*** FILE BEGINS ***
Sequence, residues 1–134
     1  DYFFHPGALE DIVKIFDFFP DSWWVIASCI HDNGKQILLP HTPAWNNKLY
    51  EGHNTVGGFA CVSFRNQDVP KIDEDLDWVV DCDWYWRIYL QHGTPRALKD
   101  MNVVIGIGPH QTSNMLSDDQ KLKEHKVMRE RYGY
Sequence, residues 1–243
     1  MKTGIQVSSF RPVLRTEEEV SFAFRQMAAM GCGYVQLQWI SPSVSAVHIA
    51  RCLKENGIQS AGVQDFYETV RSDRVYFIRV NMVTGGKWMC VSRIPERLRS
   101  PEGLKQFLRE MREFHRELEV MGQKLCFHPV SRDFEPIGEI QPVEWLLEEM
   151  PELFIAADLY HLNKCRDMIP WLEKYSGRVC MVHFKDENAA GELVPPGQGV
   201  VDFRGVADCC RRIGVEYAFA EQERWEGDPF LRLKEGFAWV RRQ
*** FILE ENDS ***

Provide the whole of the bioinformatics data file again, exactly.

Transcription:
Sequence, residues 1–134
     1  DYFFHPGALE DIVKIFDFFP DSWWVIASCI HDNGKQILLP HTPAWNNKLY
    51  EGHNTVGGFA CVSFRNQDVP KIDEDLDWVV DCDWYWRIYL QHGTPRALKD
   101  MNVVIGIGPH QTSNMLSDDQ KLKEHKVMRE RYGY
Sequence, residues 1–243
     1  MKTGIQVSSF RPVLRTEEEV SFAFRQMAAM GCGYVQLQWI SPSVSAVHIA
    51  RCLKENGIQS AGVQDFYETV RSDRVYFIRV NMVTGGKWMC VSRIPERLRS
   101  PEGLKQFLRE MREFHRELEV MGQKLCFHPV SRDFEPIGEI QPVEWLLEEM
   151  PELFIAADLY HLNKCRDMIP WLEKYSGRVC MVHFKDENAA GELVPPGQGV
   201  VDFRGVADCC RRIGVEYAFA EQERWEGDPF LRLKEGFAWV RRQ